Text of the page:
According to a Wall Street and Technology article, "the U.N.'s Clean Development Mechanism (CDM) has 4500 projects in the pipeline with the potential to deliver around 2.9 billion offset credits by 2012."

The same article indicates the global market for carbon emissions trading doubled in value last year. The market grew to $126 billion up from $63 billion in 2007 and nearly 12 times the value in 2005. Last year a total 4.8 billion tons of CO2 was traded, up 61 percent from the 3 billion traded in 2007.

Cap-and-trade legislation is vital if we are to reduce CO2 within the specified time frames. Everyone can get involved by writing their political representatives and raising awareness about the importance of legislation to combat climate change.

U.S. Action

American leadership is vital and pressure is building for the US to cut CO2 emissions. Indian negotiator Surya Sethi, told BBC News: "In simple terms they need to do more. If they believe the science - and that's what they are telling us - they need to do more."

The US is crucial to global efforts to manage CO2 emissions and the Clean Energy and Security Act represents a serious attempt by legislators Waxman and Markey to substantially reduce American CO2 emissions. The bill seeks the nation's first federal cap-and-trade system for reducing CO2 and other GHGs. If passed into law this bill would reduce emissions by 83% below 2005 levels.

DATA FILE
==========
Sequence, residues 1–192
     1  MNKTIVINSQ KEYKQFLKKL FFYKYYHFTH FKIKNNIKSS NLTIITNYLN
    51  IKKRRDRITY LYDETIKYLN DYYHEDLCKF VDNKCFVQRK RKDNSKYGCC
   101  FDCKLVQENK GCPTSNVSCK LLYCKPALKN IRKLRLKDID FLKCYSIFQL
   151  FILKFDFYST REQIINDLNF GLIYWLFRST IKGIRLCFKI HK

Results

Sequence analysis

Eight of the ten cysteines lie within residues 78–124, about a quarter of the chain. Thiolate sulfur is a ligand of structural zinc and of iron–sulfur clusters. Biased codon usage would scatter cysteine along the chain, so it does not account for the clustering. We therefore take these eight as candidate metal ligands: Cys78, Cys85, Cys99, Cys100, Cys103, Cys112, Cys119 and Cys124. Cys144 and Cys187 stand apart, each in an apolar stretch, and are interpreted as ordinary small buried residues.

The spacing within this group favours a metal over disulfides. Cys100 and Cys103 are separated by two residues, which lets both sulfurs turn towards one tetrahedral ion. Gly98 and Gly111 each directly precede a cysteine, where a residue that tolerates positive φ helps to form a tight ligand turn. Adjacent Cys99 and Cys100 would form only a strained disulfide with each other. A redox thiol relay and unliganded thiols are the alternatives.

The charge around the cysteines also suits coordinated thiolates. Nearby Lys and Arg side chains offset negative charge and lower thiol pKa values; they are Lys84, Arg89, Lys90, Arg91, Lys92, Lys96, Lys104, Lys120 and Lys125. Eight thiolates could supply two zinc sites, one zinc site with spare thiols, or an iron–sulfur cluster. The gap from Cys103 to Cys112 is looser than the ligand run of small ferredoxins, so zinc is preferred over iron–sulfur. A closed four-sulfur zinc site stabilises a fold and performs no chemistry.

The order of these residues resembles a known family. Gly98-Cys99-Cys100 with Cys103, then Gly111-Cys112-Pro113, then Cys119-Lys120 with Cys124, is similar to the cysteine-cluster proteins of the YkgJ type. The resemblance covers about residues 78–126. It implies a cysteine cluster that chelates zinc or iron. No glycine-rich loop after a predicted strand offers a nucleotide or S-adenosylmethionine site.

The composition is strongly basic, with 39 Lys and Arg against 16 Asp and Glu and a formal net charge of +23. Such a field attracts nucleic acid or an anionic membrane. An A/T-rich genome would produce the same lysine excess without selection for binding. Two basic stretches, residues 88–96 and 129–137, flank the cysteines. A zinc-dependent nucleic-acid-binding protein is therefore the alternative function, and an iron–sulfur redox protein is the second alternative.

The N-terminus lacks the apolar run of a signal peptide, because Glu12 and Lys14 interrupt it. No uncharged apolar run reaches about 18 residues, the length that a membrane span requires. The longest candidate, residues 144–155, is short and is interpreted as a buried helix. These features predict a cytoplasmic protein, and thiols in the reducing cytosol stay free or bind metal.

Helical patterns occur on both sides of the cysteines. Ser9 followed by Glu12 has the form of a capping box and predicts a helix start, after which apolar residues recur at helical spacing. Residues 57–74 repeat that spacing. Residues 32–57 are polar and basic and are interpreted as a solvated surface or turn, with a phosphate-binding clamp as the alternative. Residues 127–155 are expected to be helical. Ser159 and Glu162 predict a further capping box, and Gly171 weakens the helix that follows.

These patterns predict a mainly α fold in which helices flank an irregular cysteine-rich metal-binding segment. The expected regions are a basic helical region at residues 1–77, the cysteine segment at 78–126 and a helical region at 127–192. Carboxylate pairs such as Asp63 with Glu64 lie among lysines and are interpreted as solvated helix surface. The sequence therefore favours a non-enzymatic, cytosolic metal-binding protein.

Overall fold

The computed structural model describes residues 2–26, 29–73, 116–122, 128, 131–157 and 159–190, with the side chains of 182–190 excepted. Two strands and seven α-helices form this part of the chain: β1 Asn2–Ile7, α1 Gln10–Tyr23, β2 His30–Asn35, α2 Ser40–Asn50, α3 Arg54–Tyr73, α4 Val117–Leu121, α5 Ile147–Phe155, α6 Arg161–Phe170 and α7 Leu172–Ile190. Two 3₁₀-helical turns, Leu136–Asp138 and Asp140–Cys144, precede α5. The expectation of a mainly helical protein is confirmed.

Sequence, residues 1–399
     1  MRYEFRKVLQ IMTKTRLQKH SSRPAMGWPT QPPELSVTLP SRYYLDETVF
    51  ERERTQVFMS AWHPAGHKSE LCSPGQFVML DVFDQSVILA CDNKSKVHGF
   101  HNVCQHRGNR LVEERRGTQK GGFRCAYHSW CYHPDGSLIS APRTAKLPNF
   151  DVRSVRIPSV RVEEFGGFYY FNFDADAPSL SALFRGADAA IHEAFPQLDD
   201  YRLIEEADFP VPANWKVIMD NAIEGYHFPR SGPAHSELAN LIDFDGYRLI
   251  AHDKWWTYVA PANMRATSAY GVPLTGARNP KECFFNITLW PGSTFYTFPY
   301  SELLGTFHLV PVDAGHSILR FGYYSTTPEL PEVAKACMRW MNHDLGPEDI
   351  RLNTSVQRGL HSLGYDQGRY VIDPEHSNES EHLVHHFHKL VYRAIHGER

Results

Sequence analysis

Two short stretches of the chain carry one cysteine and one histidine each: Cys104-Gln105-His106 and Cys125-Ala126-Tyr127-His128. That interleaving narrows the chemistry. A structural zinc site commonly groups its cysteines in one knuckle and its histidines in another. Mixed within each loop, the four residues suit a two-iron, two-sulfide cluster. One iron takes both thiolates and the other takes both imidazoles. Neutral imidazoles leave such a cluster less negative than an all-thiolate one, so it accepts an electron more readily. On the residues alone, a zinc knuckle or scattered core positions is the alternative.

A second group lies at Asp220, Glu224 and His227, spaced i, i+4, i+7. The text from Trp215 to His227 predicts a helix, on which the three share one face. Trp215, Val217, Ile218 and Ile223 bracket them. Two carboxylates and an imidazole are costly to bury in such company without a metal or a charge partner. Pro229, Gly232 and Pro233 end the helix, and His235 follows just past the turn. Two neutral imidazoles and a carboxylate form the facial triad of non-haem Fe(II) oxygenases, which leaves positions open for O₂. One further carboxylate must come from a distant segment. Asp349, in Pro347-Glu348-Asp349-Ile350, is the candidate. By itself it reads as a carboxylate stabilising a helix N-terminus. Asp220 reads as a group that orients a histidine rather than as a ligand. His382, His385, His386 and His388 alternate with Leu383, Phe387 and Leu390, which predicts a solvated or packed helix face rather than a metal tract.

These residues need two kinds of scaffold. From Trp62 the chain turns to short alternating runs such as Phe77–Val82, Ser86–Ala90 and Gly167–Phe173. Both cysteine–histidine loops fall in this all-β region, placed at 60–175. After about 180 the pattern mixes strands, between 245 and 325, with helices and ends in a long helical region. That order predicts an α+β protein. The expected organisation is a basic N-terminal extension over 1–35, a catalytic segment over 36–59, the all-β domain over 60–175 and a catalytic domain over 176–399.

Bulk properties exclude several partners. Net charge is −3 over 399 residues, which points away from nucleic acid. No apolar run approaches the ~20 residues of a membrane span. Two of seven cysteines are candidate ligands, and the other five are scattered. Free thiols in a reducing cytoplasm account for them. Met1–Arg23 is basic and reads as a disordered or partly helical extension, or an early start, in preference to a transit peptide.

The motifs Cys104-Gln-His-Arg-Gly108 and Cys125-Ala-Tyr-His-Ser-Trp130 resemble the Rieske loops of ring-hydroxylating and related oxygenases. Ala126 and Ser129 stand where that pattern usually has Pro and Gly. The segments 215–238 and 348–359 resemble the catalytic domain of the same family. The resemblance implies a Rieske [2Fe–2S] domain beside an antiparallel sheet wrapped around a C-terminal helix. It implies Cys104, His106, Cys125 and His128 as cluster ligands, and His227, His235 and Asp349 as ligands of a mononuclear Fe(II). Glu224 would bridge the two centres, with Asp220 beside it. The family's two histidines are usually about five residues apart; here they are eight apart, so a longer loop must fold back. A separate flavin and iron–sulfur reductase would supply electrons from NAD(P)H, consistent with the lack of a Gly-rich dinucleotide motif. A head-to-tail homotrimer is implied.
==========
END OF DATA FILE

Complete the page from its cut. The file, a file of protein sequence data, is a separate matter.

The bill also proposes that by 2020 all electric utilities be required to radically increase efficiency and produce up to 15% of their power using renewable sources. 15% of carbon credits will be auctioned off, the remaining 85% will be donated to important energy intensive industries. A vote in the full house could happen in August.

The importance of cap-and-trade legislation to substantially reduce CO2 cannot be overstated. If the Waxman-Markey Bill passes and if the European Union increases its emissions reduction targets to 30 percent by 2020, this would create about 600 million tons of offset credits per year.

Voluntary reductions in CO2 emissions, although laudable, are hugely insufficient and we do not have the time to wait for technological solutions. Industry played a major role increasing CO2 levels and industry must also play a major role reducing CO2 emissions. Cap-and-trade legislation is the most efficient way to help industry transition to a low CO2 economy.


Next: Carrotmobs: Adding Incentives to the Consumer Arsenal

Related Articles


CO2 Myths and the Science of Climate Change
The Effects of Global Warming
Primer on CO2 and other GHGs
The Renewable Energy Revolution
US Cap-and-Trade: Business
US Cap-and-Trade: Solutions
US Cap-and-Trade: What and Why
COP 15 Implications for Business
COP 15 Timetable
China-US Cooperation
Green Stimulus and Opposition
US Green Legislation
Green Stimulus Package Part 1
Environmental Politics
Market Based Social Change
Green Policy Debate in Canada
Cap-and-trade in Ontario and Quebec
Green Capitalism
Green Blueprint

1 comment:

Chuck said...

I think it is fantastic how we are using renewable energy and going green in so many ways. I think we also need to do things like reducing our energy usage, like installing geothermal heat pumps to replace high energy heating and cooling systems.